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Eraserhead (1977)

Not Rated | | Horror | 3 February 1978 (USA)
Henry Spencer tries to survive his industrial environment, his angry girlfriend, and the unbearable screams of his newly born mutant child.

Director:

David Lynch

Writer:

David Lynch
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Popularity
1,648 ( 93)

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2 wins & 1 nomination. See more awards »

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Cast

Cast overview, first billed only:
Jack Nance ... Henry Spencer (as John Nance)
Charlotte Stewart ... Mary X
Allen Joseph ... Mr. X
Jeanne Bates ... Mrs. X
Judith Roberts ... Beautiful Girl Across the Hall (as Judith Anna Roberts)
Laurel Near ... Lady in the Radiator
V. Phipps-Wilson V. Phipps-Wilson ... Landlady (long version)
Jack Fisk ... Man in the Planet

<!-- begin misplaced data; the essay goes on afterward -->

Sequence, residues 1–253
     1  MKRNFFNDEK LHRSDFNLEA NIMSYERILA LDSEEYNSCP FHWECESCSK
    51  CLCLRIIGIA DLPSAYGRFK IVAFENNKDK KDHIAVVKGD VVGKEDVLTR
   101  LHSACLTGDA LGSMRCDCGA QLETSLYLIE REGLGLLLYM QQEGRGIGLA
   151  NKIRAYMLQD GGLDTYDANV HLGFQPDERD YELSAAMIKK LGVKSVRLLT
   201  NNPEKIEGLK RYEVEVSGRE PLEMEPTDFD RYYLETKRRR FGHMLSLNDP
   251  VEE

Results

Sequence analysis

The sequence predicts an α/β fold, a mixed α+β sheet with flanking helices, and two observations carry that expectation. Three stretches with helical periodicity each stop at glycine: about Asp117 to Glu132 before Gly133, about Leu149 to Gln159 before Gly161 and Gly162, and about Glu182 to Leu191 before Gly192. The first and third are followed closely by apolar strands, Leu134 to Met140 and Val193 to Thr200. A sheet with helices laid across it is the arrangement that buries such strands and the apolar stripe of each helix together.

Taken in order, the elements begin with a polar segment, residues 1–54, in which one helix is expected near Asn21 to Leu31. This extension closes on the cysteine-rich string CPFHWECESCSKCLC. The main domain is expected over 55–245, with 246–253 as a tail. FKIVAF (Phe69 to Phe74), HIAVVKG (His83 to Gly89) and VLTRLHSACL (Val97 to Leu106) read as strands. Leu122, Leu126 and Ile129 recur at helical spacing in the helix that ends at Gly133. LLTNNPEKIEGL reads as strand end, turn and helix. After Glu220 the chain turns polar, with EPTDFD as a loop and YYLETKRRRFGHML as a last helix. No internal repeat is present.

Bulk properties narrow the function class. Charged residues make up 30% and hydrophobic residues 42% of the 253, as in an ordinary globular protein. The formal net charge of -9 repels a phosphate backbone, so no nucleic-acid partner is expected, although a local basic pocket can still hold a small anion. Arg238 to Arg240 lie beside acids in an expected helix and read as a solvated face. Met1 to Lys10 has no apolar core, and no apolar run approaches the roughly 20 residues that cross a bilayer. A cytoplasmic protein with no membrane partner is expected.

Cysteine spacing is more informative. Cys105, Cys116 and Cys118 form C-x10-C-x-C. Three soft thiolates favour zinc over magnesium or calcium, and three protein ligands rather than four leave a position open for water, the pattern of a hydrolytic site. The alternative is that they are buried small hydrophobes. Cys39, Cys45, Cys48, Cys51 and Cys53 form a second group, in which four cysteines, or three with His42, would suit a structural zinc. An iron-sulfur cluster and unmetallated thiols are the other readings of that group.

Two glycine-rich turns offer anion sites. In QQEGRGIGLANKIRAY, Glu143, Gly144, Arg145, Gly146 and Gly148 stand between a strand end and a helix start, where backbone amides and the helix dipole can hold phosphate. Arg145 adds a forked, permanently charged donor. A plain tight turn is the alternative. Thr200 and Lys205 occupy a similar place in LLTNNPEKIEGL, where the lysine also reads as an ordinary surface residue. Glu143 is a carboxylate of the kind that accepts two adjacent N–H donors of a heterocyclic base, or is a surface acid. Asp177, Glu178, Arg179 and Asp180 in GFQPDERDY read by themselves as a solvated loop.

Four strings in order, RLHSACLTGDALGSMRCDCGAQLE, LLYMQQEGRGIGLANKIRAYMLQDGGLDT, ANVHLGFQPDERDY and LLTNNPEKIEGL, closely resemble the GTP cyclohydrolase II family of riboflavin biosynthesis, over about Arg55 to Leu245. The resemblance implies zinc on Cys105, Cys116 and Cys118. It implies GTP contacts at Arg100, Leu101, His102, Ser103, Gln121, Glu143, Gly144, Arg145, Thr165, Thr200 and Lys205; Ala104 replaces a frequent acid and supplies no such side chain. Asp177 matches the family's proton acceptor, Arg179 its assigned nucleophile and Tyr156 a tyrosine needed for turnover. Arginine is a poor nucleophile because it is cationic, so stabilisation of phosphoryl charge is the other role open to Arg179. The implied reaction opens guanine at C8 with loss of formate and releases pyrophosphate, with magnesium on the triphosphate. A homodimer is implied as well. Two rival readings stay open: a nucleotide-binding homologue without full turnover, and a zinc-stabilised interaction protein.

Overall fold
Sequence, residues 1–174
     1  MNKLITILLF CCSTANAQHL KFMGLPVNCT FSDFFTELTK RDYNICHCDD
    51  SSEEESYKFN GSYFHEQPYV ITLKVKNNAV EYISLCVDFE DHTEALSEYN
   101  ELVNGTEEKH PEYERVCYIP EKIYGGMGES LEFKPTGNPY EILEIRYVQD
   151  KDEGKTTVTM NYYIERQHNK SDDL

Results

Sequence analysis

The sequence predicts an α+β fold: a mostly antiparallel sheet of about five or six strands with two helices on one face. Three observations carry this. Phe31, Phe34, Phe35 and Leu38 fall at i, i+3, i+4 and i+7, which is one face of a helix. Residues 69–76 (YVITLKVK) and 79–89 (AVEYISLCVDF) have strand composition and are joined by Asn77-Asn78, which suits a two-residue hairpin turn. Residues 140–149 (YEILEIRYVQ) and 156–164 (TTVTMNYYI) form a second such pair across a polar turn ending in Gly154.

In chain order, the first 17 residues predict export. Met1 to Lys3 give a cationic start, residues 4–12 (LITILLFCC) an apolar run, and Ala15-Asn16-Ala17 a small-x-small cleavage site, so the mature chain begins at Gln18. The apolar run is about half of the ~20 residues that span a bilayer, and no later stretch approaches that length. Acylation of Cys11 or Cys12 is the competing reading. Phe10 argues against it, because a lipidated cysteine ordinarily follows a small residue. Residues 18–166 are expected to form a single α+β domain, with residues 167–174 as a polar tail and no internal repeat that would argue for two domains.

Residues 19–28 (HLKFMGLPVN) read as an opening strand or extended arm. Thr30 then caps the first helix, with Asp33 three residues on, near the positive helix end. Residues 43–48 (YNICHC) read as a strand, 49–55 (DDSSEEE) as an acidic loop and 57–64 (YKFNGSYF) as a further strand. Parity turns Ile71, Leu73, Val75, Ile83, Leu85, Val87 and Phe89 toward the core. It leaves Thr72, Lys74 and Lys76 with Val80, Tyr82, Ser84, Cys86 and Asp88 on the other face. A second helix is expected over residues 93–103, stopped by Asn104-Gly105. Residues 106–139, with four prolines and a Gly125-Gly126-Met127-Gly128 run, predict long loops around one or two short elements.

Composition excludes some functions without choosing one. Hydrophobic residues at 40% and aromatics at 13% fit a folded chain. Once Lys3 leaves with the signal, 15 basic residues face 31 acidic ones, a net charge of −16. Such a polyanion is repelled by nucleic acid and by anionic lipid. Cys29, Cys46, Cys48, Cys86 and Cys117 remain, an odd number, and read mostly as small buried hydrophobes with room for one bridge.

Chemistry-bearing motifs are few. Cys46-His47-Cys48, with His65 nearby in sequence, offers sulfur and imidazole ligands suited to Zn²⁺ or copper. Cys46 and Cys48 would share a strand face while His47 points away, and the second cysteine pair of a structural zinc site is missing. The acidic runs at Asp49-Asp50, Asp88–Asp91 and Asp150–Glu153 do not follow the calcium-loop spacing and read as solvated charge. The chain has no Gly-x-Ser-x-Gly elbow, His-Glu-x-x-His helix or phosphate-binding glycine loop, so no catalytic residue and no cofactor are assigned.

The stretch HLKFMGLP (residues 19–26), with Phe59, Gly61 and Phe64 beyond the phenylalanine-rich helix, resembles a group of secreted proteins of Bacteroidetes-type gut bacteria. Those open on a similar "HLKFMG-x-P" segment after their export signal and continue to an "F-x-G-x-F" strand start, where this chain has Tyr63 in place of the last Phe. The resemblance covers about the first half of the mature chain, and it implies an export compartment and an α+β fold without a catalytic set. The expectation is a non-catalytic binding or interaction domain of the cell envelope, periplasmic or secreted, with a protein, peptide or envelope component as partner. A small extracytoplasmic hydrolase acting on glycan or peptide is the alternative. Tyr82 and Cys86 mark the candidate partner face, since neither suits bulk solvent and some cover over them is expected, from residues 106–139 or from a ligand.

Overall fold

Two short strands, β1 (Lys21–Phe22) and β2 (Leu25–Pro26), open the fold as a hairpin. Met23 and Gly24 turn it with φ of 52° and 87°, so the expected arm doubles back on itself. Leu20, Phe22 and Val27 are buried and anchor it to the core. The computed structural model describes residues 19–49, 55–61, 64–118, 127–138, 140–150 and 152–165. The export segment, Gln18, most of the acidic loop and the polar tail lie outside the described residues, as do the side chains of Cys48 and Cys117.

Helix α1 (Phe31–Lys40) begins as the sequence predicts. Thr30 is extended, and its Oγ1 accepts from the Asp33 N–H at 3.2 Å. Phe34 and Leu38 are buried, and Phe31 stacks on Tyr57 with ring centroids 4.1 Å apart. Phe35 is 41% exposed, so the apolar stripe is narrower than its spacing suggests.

Jean Lange Jean Lange ... Grandmother
Thomas Coulson Thomas Coulson ... The Boy
John Monez John Monez ... Bum
Darwin Joston ... Paul
T. Max Graham T. Max Graham ... The Boss (as Neil Moran)
Hal Landon Jr. ... Pencil Machine Operator
Jennifer Lynch ... Little Girl
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Storyline

A film that defies conventional logic and storytelling, fueled by its dark nightmarish atmosphere and compellingly disturbing visuals. Henry Spencer is a hapless factory worker on his vacation when he finds out he's the father of a hideously deformed baby. Now living with his unhappy, malcontent girlfriend, the child cries day and night, driving Henry and his girlfriend to near insanity. Written by Jacob Samuelson

Plot Summary | Plot Synopsis

Taglines:

Be warned. The nightmare has not gone away... See more »

Genres:

Horror

Certificate:

Not Rated | See all certifications »

Parents Guide:

View content advisory »
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Details

Country:

USA

Language:

English

Release Date:

3 February 1978 (USA) See more »

Also Known As:

Eraserhead See more »

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Box Office

Budget:

$20,000 (estimated)

Gross USA:

$7,000,000
See more on IMDbPro »

Company Credits

Show more on IMDbPro »

Technical Specs

Runtime:

Sound Mix:

Dolby (re-release)| Mono (original release)

Aspect Ratio:

1.85 : 1
See full technical specs »